1. A.J. was my teacher’s aide his senior year. I was teaching a freshman class, and there was a young man in the class who was rather challenging. He wasn’t a bad kid, just asked a lot of questions and talked a lot, always needing attention. A.J. could tell when the young man was wearing down my patience, and would always sense when to go over and talk to him and help him. A.J. was also a basketball star, and the young man in this story went out for basketball and did not make the team. Instead he became a team manager, with the goal of making the team the next year. The young man later told me how A.J. would shoot baskets with him every day before practice and help coach him. After A.J.’s passing, I read a huge card signed by the students at Canby High School. The young man simply signed it, “Thank you A.J. for being my best friend.”
A lot of people would tell you they were his best friend.
By the way, that young man grew up a lot. By his senior year he also was a classroom leader and not annoying at all. We will never know how much A.J.’s heart and caring towards this young man helped him, but I’m sure it was a lot.
2. After he went to college, I got this message from A.J. one night. He wrote it to thank me after he and Sam were arguing with some teammates about politics. It says so much about who he was. One, that he accepted coaching and teaching. He didn’t really need to thank me, I’m supposed to teach people. I get paid for it. I try to teach lots of people, but not everyone accepts it. A.J. embraced it. Secondly, he took the time to reach out to me to thank me. It really made my day. A.J. liked making people’s day with shows of appreciation and gratitude. Most importantly it shows who he was in dealing with his teammates. He was trying to coach them not into jumping in and agreeing with his side, but to become better by listening to the other side. Even in the midst of a heated debate with his peers, he was trying to help them improve.
Those are just two stories. I have a lot more, so does everyone else that knew him.
I don’t have the ability to articulate how strong and inspiring A.J.’s family has been since his passing. They have continued to coach, to teach, to lead, and to be model’s of strength and toughness we all can learn from. Their pain is undeniable and understandable, but they have not let it stop them. The Schlatter family shows that when the story of A.J.’s legacy is written, they will be the ones holding the pen. Anyone who knows them or has been around them is better because of it.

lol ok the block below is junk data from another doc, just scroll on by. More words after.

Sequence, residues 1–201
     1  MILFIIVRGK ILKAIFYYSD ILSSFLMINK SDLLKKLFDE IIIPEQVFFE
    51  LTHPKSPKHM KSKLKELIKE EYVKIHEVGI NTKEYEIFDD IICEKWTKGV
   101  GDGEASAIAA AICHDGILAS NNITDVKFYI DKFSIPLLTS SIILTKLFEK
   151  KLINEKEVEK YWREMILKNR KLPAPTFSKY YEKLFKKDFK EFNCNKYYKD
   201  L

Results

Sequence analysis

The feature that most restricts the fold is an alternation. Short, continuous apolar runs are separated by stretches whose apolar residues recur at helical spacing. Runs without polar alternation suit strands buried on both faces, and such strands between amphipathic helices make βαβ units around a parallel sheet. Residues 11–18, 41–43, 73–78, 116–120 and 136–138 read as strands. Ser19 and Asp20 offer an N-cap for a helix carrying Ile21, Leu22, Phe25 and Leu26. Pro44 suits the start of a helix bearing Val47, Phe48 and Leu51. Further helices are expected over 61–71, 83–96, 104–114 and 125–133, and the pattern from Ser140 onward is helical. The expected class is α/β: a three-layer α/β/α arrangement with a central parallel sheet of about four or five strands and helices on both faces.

I’ve never seen a loss tear at the soul of a community like the loss of A.J. It was a robbery. People young and old walked around in a daze. I saw kids who idolized A.J. wiping away tears, unable to speak. I saw grown, tough men do the same. A piece of the community, and a piece of individuals had been ripped away. Infinite sadness, anger, and disbelief ruled many days to come.
The students at Canby High School chose to write their next chapter, too. They wanted to honor the older boy that used to be their star, their leader, and also their friend. The Class of 2017, who were freshman when A.J. was a senior decided it would be fitting and proper to have a fountain dedicated to A.J. between the weight room and the football field. Perfect. They designed and sold water bottles and sought donations in the community. They also organized a 5K, using the same course that A.J. and several friends used to run each day before school.
The community rallied around the cause. Not only did they buy the water bottles, donate money, and participate in the 5K, businesses donated material for the fountain. The fountain now honors A.J., and also reminds the rest of us to aim to be more like him.
The adjoining plaque features the quote that A.J. used to tell many people, “You can do hard things.”
Also, Portland State football now has an endowment fund in A.J.’s honor. Perhaps my favorite show of respect to A.J. is the Canby High School football team now honors one player by allowing them the privilege of wearing A.J’s old number, number 4. The criteria is tough. You can’t be just anyone and have this privilege. Players strive to earn this honor.
There is also a Facebook page called “AJ31 around the world”. AJ’s family and friends have bought over 250 shirts that have AJ’s name and Portland State #31 on them. They take the shirts with them with them with the travel and do cool things, then submit their picture to the page, where they are posted. It is a great way to keep A.J. in the front of our hearts and minds, like he should be.
There is nothing that can be written, done, or said that will ever make up for the loss of A.J. The world was stolen from in ways it will never even fully realize.
I thought about A.J.’s childhood friends in attendance yesterday. There were about 15 at the game wearing the jersey of their lost comrade. There was Sam Bodine on the field, and many more there in spirit. They are smart, they are compassionate, they are joyful. They honor their lost friend in the way they carry on being their incredible selves, with guidance from A.J. I thought about A.J.’s family, and how many have benefitted from the lessons they teach us when they are not even trying to. They are a living “how to” guide on toughness, and fighting through the most difficult of times.
Then I thought some more about A.J., and how proud he would be of all these people.
I realized he may not physically be here any more, but he is still leading.